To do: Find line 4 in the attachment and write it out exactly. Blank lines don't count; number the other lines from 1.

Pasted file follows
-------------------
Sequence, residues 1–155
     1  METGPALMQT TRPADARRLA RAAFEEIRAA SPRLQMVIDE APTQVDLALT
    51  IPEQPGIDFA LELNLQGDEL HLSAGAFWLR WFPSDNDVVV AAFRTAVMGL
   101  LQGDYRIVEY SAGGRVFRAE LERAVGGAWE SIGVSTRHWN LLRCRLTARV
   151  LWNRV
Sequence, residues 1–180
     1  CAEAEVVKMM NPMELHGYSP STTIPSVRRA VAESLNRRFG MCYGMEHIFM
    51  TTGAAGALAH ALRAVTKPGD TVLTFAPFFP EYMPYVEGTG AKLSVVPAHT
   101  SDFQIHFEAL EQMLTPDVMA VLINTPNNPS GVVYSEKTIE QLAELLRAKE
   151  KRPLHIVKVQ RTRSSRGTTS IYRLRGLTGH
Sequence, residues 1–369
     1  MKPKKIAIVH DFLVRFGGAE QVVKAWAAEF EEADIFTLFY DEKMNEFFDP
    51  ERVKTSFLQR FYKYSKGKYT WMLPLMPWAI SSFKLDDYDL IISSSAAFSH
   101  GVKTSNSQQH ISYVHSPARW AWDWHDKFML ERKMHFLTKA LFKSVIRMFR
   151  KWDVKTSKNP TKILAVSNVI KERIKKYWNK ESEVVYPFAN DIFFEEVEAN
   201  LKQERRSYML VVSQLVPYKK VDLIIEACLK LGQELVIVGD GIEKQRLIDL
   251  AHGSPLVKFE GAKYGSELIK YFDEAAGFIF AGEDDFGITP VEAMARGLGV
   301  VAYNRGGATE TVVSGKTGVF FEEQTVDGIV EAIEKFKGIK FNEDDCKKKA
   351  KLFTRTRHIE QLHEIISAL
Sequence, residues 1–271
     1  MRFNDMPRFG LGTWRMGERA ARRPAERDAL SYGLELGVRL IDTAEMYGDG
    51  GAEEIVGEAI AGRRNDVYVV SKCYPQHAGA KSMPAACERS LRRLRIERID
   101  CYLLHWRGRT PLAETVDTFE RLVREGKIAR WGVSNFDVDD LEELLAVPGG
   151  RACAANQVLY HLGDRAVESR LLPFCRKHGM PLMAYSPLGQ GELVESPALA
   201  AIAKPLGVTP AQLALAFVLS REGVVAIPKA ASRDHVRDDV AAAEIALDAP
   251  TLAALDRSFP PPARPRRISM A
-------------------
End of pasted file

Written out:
   101  LQGDYRIVEY SAGGRVFRAE LERAVGGAWE SIGVSTRHWN LLRCRLTARV